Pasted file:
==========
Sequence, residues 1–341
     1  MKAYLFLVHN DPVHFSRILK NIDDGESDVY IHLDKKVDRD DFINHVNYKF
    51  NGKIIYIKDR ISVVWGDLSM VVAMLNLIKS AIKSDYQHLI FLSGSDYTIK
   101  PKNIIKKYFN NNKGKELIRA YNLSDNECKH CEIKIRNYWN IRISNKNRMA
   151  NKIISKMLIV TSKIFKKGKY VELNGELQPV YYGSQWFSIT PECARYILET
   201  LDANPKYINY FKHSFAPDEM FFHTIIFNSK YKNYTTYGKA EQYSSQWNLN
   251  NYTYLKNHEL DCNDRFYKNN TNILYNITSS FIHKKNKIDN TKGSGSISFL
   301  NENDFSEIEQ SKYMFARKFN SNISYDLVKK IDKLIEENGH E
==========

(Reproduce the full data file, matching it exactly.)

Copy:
Sequence, residues 1–341
     1  MKAYLFLVHN DPVHFSRILK NIDDGESDVY IHLDKKVDRD DFINHVNYKF
    51  NGKIIYIKDR ISVVWGDLSM VVAMLNLIKS AIKSDYQHLI FLSGSDYTIK
   101  PKNIIKKYFN NNKGKELIRA YNLSDNECKH CEIKIRNYWN IRISNKNRMA
   151  NKIISKMLIV TSKIFKKGKY VELNGELQPV YYGSQWFSIT PECARYILET
   201  LDANPKYINY FKHSFAPDEM FFHTIIFNSK YKNYTTYGKA EQYSSQWNLN
   251  NYTYLKNHEL DCNDRFYKNN TNILYNITSS FIHKKNKIDN TKGSGSISFL
   301  NENDFSEIEQ SKYMFARKFN SNISYDLVKK IDKLIEENGH E